Clinical Cases: ProxyPal
ProxyPal is a transparent 3D contoured matrix for the front area. The pre-shaped progressive curvature aids to create incisal fillings with a correct anatomical shape and is especially designed for large proximal fillings and closure of frontal diastemas, preventing “black triangle disease”. In order to achieve a perfect filling the matrix has been designed such that the curvature of the matrix escalates linearly along its total length.
How to use ProxyPal?
ProxyPal Proximal (pic.1) & ProxyPal folded around the tooth (pic.2).
The matrix can either be applied straight inter-proximally (see picture above) or folded around the tooth palatal, passing through the proximal contacts on both sides of the tooth to be restored (see picture to the right). The anatomical contour of the tooth can be fully adjusted by carefully selecting the desired curvature on the matrix band. This is possible due to the progressive increase of the curvature on the matrix band.
In the case where the matrix is applied straight inter-proximally the anatomical contour of the crown is shaped by the matrix and the rest of the restoration is carried out freehand and finished with a scalpel blade, composite finishing burs and abrasive discs. To prevent any interproximal “overhangs” an instrument can be used to push the matrix against the tooth while curing the composite with the curing light.
Apical directed pressure on the ProxyPal matrix increases the curvature. When dealing with a healthy gingiva no bleeding should occur when this action is performed, it is comparable with using a toothpick or dental floss. If adjacent cavities are restored at the same time, complete the restoration of one tooth, then remove the matrix on this tooth before beginning with the restoration on the second tooth. This will ensure as little gap as possible between the two restorations. The gap can also be minimized by keeping a supporting finger palatal and pressing it buccally when the composite material is cured. You can use the natural mobility of the teeth to obtain separation; as the pressure is released the teeth will go back to their natural position – resulting in a tight inter-proximal contact.
Restoration of large class IV cavity.
Last picture shows the results after 2 years. Tecnique with Empress Direct.
Case from Mats Norman, DDS, Sweden
Closure of diastema using ProxyPal
Note that there is no black triangles (pic.2). ProxyPal is a universal matrix for all anterior restorations. The innovative design of the ProxyPal, allows you to easily restore a broken down tooth to it’s original anatomy. Reshaping and closing of a diastema is also very easy with the ProxyPal. The primary purpose of ProxyPal is to get the correct anatomy of the inter- proximal part of a restoration. ProxyPal will save you time and money and you will easily achieve an aesthetic result and emulate the anatomical contour of a natural tooth. This minimally invasive procedure is preferred to excessive removal of precious enamel and dentine. Diastema closure techniques with direct composites prove to be complicated and complications like chronic gingivitis in the area is not uncommon. ProxyPal will assist you to get a smooth transition between the filling and the tooth. ProxyPal is the answer to the undesirable black triangles.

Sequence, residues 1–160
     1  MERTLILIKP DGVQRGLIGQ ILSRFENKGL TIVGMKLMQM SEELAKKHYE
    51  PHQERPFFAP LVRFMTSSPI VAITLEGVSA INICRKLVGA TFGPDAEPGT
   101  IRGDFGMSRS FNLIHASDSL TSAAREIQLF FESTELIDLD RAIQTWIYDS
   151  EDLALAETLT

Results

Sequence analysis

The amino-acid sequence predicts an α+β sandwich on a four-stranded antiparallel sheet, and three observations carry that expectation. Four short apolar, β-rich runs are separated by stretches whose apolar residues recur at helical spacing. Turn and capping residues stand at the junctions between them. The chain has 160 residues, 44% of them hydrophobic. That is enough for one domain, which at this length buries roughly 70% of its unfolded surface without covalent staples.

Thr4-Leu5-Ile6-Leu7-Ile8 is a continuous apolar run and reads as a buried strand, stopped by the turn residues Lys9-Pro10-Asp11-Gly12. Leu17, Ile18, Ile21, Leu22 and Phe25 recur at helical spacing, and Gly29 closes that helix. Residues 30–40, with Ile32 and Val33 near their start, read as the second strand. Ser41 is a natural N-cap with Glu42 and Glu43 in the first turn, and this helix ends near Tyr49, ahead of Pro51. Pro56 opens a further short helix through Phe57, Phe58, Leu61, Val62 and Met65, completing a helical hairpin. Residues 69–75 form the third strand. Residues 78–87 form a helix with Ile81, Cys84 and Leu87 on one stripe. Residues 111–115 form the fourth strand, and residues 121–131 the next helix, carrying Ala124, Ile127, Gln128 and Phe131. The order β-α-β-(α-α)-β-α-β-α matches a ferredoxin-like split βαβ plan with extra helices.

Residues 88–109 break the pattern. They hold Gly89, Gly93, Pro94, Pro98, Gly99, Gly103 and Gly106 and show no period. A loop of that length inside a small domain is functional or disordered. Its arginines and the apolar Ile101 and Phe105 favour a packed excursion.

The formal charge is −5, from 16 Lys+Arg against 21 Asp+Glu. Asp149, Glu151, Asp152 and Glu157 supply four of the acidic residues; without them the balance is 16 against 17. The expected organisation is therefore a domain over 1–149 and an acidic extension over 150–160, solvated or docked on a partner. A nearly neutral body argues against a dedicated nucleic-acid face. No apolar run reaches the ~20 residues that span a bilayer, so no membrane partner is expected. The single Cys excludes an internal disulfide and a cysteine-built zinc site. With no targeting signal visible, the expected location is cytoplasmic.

Directly after finished restorations - a small black triangles (pic.1) and 3 week follow up- the small black triangles has disappered (pic.2).
Closure of diastema, step by step
- No preparation is required.
- Airflow/Sand blasting can be very beneficial and will enhance the bonding of the composite to the etched enamel.
- Use two ProxyPal matrixes turned against each other and determine where the best contour on the matrix is found.
- Cut the matrix.
- Fold the incisal part of the axial angle.
- Rubber Dam will be useful to manipulate the inter-dental papilla and to ensure the correct contour of the newly placed restoration.
- Now start with the first tooth by inserting the edge of the matrix strip into the gingival sulcus.
- Close the diastema by building up the tooth to the middle of the diastema.
- Measure the width of the newly constructed tooth using callipers. Check the space with the callipers on the neighbouring tooth to make sure symmetry will be achieved when the neighbouring tooth is build up. Polish gently with fine polishing paste without changing the contour of the filling.
- When you are satisfied with the first build up, insert the second matrix so that it has the same contour as the first one. The matrix can be supported palatal with the finger and contact can be achieved against the already shaped tooth. The build up can now be completed to close the diastema.
The above pictures shows failed direct composite restorations, used for the diastema closure. The situation was corrected with an invasive and more costly procedure involving laboratory made porcelain jacket crowns. The final result is excellent but the technique is very invasive.
By Dr. Sven Scholander.